Rather than blocking use of Android – as the US has done with Huawei in some government contracts – the Ministry is instead urging companies to invest more in developing their own variants of the tech or entirely new mob OS's.

This lets them make more money in the long run, and reduces their dependence on Google – something the Chinese government is understandably keen on, as it tends to disagree with the Chocolate Factory about everything.

If Android were entirely separate to Google, El Reg think it's unlikely that this report would have been issued.

But as long as the little green robot is intimately connected with a company whose entire business model is based on digitizing as much information as possible and making this available to as many people as have internet-capable devices, it's unlikely that a repressive command-and-control state is likely to have much fondness for the platform. ®

Bootnote

This type of posturing happens when a country is, as they say, on the make: see the US prioritizing the development of its own domestic oil production over imports; long-running attempts by China to develop credible MIPS-based processors so the country isn't dependent on Intel and ARM; the Soviet space and computer programs; India growing car makers like Tata; or Japan realizing after four terrifically advanced US warships steamed into the bay of Edo in the mid-19th century that if it didn't develop some good tech capabilities quickly it could become an annex of the West.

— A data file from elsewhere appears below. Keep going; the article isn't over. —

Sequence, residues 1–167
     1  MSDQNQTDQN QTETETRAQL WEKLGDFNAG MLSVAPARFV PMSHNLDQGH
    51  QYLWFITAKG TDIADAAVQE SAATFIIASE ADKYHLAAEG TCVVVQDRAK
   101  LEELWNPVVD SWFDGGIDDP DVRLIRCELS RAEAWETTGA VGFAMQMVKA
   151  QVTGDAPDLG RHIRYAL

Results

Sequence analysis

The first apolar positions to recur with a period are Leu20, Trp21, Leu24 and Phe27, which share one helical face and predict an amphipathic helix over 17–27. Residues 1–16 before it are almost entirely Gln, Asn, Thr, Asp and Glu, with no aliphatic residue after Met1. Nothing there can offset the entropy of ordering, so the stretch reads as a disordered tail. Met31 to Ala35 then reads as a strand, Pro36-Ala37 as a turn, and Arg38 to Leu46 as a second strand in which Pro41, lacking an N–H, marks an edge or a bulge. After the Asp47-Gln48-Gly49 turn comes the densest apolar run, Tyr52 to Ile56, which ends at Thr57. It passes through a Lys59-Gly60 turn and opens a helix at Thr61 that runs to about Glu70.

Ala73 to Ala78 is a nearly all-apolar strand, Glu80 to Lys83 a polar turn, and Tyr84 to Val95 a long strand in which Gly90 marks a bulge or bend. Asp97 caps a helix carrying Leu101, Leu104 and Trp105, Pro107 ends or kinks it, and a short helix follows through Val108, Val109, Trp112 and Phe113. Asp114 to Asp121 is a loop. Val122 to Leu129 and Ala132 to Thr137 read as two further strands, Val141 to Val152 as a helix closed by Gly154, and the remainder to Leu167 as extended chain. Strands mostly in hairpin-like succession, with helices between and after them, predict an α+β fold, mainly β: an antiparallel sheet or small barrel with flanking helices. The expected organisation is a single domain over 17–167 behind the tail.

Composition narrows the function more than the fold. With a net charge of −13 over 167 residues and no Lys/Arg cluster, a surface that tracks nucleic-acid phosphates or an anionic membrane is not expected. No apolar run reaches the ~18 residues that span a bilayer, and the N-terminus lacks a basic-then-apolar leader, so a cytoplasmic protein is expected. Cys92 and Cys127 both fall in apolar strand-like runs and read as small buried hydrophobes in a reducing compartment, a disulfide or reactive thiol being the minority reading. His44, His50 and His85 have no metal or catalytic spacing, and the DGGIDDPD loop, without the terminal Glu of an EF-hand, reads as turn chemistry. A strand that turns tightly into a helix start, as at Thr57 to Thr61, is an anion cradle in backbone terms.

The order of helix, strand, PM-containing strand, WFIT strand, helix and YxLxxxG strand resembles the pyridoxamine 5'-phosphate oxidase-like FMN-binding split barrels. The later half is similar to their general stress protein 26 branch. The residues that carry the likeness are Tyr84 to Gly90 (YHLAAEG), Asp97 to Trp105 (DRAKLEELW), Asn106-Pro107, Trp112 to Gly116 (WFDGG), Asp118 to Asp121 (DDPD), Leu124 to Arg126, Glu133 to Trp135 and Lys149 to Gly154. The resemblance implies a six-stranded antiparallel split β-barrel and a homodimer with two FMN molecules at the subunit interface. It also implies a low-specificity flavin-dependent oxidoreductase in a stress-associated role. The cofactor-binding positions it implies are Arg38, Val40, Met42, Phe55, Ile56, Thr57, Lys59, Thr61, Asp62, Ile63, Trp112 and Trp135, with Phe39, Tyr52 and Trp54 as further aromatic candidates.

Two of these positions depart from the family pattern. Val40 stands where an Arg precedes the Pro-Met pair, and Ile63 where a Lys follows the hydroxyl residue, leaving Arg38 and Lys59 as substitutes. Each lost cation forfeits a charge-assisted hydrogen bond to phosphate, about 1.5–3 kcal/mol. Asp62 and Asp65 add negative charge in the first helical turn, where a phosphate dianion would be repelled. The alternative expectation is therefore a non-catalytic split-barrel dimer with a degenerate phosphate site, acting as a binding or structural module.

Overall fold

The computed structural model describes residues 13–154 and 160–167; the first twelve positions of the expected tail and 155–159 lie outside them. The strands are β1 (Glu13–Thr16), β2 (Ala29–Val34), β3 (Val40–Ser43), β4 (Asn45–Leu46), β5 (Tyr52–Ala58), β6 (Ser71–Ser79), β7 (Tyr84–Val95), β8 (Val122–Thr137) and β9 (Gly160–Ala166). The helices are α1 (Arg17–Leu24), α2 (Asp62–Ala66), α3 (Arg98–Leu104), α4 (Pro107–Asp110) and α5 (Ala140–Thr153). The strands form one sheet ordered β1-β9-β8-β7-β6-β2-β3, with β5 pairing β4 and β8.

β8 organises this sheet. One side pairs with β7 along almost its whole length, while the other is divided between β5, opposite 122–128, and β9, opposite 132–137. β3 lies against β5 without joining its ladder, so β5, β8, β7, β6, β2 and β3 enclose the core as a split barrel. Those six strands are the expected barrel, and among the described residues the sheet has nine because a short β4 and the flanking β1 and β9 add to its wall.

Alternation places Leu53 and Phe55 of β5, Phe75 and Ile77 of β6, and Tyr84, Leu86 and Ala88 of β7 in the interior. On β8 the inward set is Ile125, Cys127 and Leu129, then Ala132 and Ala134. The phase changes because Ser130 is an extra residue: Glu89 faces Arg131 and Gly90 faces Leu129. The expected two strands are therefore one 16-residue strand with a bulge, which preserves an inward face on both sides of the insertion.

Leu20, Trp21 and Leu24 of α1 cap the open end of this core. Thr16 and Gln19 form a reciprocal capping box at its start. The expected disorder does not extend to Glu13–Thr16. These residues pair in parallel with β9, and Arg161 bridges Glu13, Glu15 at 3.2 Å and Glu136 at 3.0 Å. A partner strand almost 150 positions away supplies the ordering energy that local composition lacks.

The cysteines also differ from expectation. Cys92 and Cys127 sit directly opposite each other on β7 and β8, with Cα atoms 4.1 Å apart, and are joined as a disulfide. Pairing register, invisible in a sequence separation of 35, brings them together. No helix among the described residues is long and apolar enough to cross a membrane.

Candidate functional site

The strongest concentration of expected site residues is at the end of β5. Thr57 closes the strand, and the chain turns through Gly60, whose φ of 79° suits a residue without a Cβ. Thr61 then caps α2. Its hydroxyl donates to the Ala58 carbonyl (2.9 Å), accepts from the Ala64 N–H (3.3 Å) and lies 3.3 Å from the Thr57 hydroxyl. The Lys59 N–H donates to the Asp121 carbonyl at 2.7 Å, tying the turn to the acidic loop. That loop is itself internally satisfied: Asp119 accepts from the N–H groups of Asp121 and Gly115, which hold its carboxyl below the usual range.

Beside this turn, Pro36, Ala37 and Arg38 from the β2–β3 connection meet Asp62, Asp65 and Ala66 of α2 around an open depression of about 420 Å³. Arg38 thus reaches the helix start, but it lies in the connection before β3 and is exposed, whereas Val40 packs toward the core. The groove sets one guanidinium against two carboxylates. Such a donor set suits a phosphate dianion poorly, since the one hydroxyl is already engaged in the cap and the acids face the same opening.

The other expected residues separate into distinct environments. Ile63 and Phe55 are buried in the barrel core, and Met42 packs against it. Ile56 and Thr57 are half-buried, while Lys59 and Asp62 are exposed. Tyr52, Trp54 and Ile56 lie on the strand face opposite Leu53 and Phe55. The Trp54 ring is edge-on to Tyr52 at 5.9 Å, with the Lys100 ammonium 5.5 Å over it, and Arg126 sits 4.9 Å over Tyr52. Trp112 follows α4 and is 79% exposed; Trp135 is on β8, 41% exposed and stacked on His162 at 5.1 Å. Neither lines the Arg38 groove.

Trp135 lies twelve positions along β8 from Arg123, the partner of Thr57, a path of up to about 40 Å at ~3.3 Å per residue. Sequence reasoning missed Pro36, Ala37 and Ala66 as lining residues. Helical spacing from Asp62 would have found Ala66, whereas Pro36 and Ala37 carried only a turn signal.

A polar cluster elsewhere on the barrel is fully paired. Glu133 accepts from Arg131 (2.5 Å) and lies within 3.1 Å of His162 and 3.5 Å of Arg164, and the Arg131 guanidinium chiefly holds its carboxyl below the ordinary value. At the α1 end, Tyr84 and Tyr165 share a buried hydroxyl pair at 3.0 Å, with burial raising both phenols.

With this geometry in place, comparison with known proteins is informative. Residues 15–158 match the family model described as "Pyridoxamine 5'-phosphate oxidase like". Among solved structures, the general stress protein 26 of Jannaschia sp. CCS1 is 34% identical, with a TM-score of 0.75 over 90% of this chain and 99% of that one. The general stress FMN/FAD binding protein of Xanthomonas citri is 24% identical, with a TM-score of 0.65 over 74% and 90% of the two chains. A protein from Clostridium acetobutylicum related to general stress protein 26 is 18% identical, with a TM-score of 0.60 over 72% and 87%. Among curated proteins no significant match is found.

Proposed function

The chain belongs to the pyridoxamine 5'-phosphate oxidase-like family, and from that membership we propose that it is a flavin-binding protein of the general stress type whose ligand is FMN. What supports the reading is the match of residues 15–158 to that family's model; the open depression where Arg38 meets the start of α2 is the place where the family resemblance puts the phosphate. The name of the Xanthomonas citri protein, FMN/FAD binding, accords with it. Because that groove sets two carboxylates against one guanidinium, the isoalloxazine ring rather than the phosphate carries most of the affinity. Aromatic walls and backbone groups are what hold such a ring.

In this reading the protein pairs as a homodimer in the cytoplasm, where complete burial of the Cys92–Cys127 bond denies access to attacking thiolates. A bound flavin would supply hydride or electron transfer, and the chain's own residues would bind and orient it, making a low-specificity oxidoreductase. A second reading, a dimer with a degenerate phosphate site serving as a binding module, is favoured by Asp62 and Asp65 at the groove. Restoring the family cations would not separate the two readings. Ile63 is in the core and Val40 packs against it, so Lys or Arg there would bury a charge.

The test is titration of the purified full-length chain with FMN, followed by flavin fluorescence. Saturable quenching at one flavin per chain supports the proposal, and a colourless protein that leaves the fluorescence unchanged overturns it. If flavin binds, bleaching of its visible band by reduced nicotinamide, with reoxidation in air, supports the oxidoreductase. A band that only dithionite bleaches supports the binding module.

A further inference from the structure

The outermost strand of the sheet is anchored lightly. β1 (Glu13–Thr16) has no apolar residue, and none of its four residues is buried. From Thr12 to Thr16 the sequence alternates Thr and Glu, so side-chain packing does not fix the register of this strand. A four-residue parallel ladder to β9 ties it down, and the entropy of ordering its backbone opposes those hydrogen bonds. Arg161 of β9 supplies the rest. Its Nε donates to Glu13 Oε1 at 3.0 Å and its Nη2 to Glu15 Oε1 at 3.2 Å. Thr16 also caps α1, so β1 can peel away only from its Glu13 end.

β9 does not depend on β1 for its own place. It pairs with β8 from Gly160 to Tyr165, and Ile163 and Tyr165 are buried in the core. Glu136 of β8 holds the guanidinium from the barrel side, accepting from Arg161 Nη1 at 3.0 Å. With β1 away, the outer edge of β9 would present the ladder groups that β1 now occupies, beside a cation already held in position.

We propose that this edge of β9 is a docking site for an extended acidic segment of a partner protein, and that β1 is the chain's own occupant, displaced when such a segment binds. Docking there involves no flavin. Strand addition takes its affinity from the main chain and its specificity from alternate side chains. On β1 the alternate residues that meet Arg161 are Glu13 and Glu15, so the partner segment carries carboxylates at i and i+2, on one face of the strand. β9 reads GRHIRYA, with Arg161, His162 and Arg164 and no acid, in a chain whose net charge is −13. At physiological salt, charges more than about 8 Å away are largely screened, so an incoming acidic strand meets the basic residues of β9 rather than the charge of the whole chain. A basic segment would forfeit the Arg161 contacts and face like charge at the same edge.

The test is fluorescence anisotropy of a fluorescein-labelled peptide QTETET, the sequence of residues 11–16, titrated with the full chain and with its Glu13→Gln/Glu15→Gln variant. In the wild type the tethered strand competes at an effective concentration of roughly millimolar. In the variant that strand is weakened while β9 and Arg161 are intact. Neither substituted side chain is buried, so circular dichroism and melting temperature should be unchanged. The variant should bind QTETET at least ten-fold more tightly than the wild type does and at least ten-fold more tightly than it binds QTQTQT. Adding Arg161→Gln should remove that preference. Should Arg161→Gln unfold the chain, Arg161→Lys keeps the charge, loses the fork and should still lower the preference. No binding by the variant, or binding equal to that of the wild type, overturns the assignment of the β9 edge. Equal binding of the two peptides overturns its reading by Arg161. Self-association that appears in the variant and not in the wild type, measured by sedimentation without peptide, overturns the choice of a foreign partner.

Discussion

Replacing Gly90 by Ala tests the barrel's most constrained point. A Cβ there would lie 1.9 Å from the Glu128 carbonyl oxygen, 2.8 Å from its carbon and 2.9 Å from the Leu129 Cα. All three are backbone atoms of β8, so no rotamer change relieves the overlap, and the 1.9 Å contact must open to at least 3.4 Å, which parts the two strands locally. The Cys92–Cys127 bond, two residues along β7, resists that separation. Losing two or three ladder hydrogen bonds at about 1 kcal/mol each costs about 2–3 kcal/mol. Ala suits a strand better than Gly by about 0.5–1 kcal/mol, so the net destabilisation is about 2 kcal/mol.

The essential guide to IT transformation

More from The Register

next story
6 Obvious Reasons Why Facebook Will Ban This Article (Thank God)
Clampdown on clickbait ... and El Reg is OK with this
So, Apple won't sell cheap kit? Prepare the iOS garden wall WRECKING BALL
It can throw the low cost race if it looks to the cloud
Time Warner Cable customers SQUEAL as US network goes offline
A rude awakening: North Americans greeted with outage drama
Shoot-em-up: Sony Online Entertainment hit by 'large scale DDoS attack'
Games disrupted as firm struggles to control network
BT customers face broadband and landline price hikes
Poor punters won't be affected, telecoms giant claims
Netflix swallows yet another bitter pill, inks peering deal with TWC
Net neutrality crusader once again pays up for priority access
EE plonks 4G in UK Prime Minister's backyard
OK, his constituency. Brace yourself for EXTRA #selfies
prev story

Whitepapers

Top 10 endpoint backup mistakes
Avoid the ten endpoint backup mistakes to ensure that your critical corporate data is protected and end user productivity is improved.
Implementing global e-invoicing with guaranteed legal certainty
Explaining the role local tax compliance plays in successful supply chain management and e-business and how leading global brands are addressing this.
Backing up distributed data
Eliminating the redundant use of bandwidth and storage capacity and application consolidation in the modern data center.
The essential guide to IT transformation
ServiceNow discusses three IT transformations that can help CIOs automate IT services to transform IT and the enterprise
Next gen security for virtualised datacentres
Legacy security solutions are inefficient due to the architectural differences between physical and virtual environments.